Students of Howard University march from campus to the Lincoln Memorial to participate in the Realize the Dream Rally for the fiftieth anniversary of the March in Washington, August 24, 2013 Reuters/James Lawler Duggan
There were marquee names like Eric Holder and great speeches by civil rights icons like Congressman John Lewis at the Lincoln Memorial. But the most important people at the rally and march commemorating the fiftieth anniversary of the March on Washington spoke earlier in the day, with little fanfare, when many had yet to arrive.
They included the likes of Rev. William Barber, president of the North Carolina NAACP and leader of the state’s Moral Monday movement, and Philip Agnew, executive director of the Dream Defenders. These two groups, in particular, represent the new face of a twenty-first-century civil rights movement, one that is desperately needed to fight new battles in defense of issues like voting rights and racial justice. Barber represents the latest iteration of the Martin Luther King–inspired prophetic tradition; Agnew embodies the new activism of the hip-hop generation. (The Advancement Project, one of the most innovative civil rights organizations, has provided indispensable support to both groups.)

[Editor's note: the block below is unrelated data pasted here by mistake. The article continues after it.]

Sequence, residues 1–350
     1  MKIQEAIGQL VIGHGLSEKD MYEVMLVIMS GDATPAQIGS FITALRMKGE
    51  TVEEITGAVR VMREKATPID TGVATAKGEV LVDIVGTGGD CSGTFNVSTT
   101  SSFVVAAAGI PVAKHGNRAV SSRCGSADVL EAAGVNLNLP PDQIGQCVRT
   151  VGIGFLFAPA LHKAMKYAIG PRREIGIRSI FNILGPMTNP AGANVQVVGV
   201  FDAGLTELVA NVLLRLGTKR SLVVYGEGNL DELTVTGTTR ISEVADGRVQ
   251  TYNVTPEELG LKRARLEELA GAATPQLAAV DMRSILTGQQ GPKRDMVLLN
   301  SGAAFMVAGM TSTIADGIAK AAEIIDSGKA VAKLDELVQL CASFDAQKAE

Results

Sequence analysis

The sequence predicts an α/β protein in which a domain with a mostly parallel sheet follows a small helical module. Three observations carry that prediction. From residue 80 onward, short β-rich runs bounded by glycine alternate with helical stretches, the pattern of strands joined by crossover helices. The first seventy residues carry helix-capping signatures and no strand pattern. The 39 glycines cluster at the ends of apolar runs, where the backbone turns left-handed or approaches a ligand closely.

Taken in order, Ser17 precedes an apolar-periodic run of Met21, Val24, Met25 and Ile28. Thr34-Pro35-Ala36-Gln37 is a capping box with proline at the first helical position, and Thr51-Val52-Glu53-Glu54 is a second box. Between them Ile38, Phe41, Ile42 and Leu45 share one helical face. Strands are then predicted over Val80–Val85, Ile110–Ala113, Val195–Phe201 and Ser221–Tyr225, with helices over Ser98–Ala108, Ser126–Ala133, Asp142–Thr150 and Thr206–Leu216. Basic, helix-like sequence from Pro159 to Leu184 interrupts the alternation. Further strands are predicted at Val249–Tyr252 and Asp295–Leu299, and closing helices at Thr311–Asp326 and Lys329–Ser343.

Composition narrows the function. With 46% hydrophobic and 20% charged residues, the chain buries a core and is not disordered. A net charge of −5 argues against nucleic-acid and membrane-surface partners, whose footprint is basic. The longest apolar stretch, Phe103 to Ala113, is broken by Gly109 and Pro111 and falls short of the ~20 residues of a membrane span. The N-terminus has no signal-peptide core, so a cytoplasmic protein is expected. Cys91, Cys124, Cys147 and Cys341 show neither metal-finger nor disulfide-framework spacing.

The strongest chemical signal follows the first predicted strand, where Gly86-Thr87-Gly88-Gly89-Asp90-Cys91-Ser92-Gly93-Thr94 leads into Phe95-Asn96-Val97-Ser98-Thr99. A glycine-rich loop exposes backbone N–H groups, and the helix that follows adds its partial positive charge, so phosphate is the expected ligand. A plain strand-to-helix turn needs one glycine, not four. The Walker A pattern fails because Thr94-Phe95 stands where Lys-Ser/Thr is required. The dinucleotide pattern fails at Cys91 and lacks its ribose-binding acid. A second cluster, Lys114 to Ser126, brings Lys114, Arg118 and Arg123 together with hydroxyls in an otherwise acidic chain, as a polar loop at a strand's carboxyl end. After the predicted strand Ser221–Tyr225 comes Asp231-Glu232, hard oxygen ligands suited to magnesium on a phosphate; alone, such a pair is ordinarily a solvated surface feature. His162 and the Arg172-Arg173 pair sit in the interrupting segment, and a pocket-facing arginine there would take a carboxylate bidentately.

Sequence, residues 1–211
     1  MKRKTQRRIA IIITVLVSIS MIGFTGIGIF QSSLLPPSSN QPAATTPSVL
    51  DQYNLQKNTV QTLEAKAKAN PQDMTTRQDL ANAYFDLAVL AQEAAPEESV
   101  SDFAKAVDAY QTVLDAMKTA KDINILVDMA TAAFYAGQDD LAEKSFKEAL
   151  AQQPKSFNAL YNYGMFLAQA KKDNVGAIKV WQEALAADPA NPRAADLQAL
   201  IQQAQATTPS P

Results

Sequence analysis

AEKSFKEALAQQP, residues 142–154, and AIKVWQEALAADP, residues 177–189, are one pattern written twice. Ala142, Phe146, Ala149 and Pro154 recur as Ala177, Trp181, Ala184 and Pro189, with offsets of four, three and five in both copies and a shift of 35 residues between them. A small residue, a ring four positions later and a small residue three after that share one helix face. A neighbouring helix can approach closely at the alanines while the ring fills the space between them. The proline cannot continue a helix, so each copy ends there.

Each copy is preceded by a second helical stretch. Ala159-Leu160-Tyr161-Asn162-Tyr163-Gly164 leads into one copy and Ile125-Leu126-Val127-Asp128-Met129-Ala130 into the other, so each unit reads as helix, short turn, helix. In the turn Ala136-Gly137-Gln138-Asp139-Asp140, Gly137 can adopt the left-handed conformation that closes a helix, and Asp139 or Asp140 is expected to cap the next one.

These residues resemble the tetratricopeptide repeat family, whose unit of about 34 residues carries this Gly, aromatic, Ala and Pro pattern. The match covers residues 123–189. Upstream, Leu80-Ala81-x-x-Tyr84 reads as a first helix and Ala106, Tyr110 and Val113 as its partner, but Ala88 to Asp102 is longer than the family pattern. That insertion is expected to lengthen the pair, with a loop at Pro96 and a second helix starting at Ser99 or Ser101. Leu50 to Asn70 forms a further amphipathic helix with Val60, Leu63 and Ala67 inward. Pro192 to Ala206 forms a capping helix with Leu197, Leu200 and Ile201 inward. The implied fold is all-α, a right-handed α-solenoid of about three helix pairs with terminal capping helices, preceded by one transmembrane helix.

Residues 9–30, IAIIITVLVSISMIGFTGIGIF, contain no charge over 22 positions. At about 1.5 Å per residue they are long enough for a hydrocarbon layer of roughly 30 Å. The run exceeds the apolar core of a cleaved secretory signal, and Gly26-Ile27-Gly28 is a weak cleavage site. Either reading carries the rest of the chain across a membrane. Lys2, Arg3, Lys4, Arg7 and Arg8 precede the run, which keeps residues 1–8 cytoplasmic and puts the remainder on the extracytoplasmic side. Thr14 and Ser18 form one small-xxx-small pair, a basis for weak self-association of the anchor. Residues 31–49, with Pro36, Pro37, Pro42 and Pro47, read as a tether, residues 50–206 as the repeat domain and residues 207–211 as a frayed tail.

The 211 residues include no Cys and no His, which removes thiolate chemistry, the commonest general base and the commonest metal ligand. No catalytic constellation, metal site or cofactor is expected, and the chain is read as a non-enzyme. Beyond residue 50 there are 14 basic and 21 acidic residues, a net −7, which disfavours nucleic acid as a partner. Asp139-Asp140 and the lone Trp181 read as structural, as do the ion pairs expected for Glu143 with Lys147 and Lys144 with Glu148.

“We are the forgotten generation,” said Agnew, 28, early in the morning at the Lincoln Memorial, wearing the group’s trademark “Power” cap. “We are the illegals. We are the apathetic. We are the thugs. We are the generation that you locked in the basement while movement conversations were going on upstairs.”
Following the acquittal of George Zimmerman in the killing of Trayvon Martin on July 13, Agnew and other young Floridians held an impromptu sit-in at the Florida capital to protest the state’s Stand Your Ground law. It lasted thirty-one days and captured national attention, with visits from civil rights veterans like Jesse Jackson, Julian Bond and Harry Belafonte. Now the Dream Defenders have launched a new campaign to register 61,500 voters—the margin of victory for Florida Governor Rick Scott in 2010.